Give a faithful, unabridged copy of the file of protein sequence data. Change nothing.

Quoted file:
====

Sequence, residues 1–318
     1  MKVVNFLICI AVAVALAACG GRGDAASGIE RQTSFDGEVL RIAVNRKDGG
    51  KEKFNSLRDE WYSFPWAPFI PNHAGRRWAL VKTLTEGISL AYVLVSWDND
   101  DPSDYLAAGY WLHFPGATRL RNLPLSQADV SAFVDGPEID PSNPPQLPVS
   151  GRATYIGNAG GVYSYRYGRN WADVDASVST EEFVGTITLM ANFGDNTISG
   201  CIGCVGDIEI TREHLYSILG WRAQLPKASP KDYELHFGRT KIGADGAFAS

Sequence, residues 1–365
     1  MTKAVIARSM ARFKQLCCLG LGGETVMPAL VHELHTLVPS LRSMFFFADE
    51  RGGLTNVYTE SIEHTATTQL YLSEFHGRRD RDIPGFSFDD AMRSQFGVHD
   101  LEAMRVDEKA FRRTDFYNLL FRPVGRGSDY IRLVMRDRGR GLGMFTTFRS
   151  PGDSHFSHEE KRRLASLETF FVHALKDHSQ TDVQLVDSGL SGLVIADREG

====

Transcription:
Sequence, residues 1–318
     1  MKVVNFLICI AVAVALAACG GRGDAASGIE RQTSFDGEVL RIAVNRKDGG
    51  KEKFNSLRDE WYSFPWAPFI PNHAGRRWAL VKTLTEGISL AYVLVSWDND
   101  DPSDYLAAGY WLHFPGATRL RNLPLSQADV SAFVDGPEID PSNPPQLPVS
   151  GRATYIGNAG GVYSYRYGRN WADVDASVST EEFVGTITLM ANFGDNTISG
   201  CIGCVGDIEI TREHLYSILG WRAQLPKASP KDYELHFGRT KIGADGAFAS

Sequence, residues 1–365
     1  MTKAVIARSM ARFKQLCCLG LGGETVMPAL VHELHTLVPS LRSMFFFADE
    51  RGGLTNVYTE SIEHTATTQL YLSEFHGRRD RDIPGFSFDD AMRSQFGVHD
   101  LEAMRVDEKA FRRTDFYNLL FRPVGRGSDY IRLVMRDRGR GLGMFTTFRS
   151  PGDSHFSHEE KRRLASLETF FVHALKDHSQ TDVQLVDSGL SGLVIADREG